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The late Japanese designer Issey Miyake was not just a favorite of the fashion crowd, he was a favorite of musicians too, with his flowing garments featured prominently on both red carpets and music videos alike.

In 2014, the designer dressed Beyoncé and her dancers for her “Mine” music video, the Drake-featuring single from Beyoncé’s seminal self-titled album. While the dancers were clothed in draped, flowing dresses in the clip, Beyoncé wore a dramatic veil from Miyake, in his signature pleated-style finishing.

But Beyoncé wasn’t the only famous artist that worked closely with Miyake. The pioneering designer found his muse in Grace Jones, who became a frequent collaborator with him in the late Seventies and early Eighties. Jones wore an androgynous look from Miyake on the cover of her 1980 album Warm Leatherette, and famously sported a Miyake ensemble for the 1983 Grammy Awards.

Grace Jones 1983 Grammy Awards at the Music File Photos 1980's in los angeles, (Photo by Chris Walter/WireImage)

Chris Walter/WireImage

When it came time to selecting a photograph for the cover of her 2015 memoir, Jones chose a photo of herself in a black, halter-style Issey Miyake dress, replete with a dramatic, oversized collar. “I wear his clothes every day to this day, and even those pieces I’ve worn for years still surprise me,” Jones wrote in the book, detailing her close friendship with the designer.

Other musicians to have worn Miyake over the years include everyone from Andra Day and Rihanna to Celine Dion (and yes, though not exactly a musician, Steve Jobs famously had a closet full of black turtlenecks from the Miyake house).

Joni Mitchell was one of the last musicians to wear Issey Miyake in public, making a surprise appearance in a look from the brand at the 2022 Grammys. Mitchell has been a longtime fan of both the designer and brand, and is said to have collected “hundreds” of pieces from Miyake over the years.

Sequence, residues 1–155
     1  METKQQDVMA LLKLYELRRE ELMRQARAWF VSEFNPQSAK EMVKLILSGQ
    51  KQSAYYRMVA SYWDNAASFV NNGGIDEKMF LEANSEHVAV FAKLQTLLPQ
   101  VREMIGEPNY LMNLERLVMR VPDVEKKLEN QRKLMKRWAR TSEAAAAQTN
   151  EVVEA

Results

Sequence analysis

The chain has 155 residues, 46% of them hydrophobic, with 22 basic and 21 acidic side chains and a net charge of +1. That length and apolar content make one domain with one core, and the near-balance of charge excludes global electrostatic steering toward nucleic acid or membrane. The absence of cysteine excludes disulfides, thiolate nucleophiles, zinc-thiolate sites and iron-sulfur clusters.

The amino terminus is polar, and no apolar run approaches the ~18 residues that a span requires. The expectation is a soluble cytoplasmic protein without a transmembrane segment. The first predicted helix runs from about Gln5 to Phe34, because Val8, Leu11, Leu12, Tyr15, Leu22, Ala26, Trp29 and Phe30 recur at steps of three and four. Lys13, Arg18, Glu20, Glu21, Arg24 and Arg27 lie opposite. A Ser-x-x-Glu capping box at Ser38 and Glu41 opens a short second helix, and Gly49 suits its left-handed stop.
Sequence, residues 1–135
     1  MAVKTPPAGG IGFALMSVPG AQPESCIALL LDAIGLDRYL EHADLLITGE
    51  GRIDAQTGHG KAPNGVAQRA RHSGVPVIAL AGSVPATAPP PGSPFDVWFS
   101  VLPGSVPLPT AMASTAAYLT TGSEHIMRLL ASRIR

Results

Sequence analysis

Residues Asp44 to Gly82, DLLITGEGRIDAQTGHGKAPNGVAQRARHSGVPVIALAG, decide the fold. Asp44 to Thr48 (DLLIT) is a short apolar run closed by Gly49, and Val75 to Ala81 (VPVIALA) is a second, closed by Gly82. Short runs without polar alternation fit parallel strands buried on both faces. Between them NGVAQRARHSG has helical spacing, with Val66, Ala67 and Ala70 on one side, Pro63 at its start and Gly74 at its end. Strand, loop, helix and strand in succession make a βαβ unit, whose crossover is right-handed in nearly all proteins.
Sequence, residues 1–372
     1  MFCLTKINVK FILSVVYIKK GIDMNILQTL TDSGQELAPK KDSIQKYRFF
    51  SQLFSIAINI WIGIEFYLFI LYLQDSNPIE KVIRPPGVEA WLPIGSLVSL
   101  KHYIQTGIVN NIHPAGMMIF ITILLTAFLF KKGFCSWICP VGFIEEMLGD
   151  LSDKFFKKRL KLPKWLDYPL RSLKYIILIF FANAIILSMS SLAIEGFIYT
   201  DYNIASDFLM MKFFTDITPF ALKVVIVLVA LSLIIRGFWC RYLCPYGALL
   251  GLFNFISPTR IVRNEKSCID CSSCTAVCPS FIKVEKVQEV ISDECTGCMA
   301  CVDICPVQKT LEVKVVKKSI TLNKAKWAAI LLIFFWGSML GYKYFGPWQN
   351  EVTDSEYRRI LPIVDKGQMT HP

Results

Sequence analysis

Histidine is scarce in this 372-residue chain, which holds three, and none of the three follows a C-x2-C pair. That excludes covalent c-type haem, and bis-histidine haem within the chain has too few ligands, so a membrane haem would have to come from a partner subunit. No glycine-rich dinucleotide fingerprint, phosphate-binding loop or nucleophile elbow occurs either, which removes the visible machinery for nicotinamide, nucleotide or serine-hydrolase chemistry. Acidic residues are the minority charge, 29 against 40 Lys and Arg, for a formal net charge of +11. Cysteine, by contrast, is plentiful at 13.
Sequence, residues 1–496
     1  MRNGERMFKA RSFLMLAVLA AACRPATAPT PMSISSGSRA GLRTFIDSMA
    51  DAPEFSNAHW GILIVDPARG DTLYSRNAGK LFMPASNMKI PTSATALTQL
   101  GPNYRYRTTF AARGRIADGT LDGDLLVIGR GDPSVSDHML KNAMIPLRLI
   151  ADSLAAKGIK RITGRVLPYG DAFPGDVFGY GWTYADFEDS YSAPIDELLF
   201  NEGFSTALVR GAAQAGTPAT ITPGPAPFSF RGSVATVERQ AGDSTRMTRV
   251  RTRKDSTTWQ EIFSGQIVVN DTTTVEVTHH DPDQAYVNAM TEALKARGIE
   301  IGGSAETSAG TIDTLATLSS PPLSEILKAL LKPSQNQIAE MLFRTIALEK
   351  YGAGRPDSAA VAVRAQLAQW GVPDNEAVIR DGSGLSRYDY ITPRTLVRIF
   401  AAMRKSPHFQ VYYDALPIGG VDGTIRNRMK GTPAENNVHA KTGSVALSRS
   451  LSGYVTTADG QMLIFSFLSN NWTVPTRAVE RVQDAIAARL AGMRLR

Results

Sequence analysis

Canadian singer-songwriter Joni Mitchell arrives for the 64th Annual Grammy Awards at the MGM Grand Garden Arena in Las Vegas on April 3, 2022. (Photo by ANGELA WEISS / AFP) (Photo by ANGELA WEISS/AFP via Getty Images)

Angela Weiss/AFP/Getty Images

Born in Hiroshima, Japan in 1938, Miyake graduated from the Tama University of Fine Arts in Tokyo before continuing his studies in Paris at the Chambre Syndicale de la Couture Parisienne. The designer would go on to intern at the fashion houses of Guy Laroche and Givenchy before launching his eponymous line in 1970.

Miyake was one of the first designers to put Japan on the map for audiences in Europe and North America, with fans and critics alike fawning over his innovative approach to construction and origami-style shapes. But while dramatic silhouettes and experimental use of fabrics contributed to Miyake’s appeal, it was his deft use of pleats that would become his sartorial signature. Miyake’s “Pleats Please” collection continues to be a best-seller for the brand today, along with the corresponding men’s line, dubbed Homme Plissé Issey Miyake.

The designer expanded into fragrances in the Nineties and saw huge success with his L’Eau d’Issey scent for both men and women. The fragrance has made a comeback in recent years, thanks to a Nineties nostalgia trend and a new generation of fans discovering the fashion house’s work through social media. Just last spring, Doja Cat posted a series of photos of herself wearing an Issey Miyake ensemble on Instagram, calling Miyake her “favorite designer.”

Miyake died Friday, Aug. 5 at the age of 84. His design studio confirmed that the pioneering designer had been battling liver cancer in recent months.

Portraits of designer Issey Miyake in New York's Central Park.

Designer Issey Miyake in New York’s Central Park, 1996.

Robert Mitra/WWD

In a statement on Tuesday, the house said that “Miyake’s dynamic spirit was driven by a relentless curiosity and desire to convey joy through the medium of design.” And while the designer had stepped down from a day-to-day role in recent years, the house added, “He never once stepped back from his love, the process of making things. He continued to work with his teams, creating new designs and supervising all collections under the various Issey Miyake labels. His spirit of joy, empowerment and beauty will be carried on by the next generations.”

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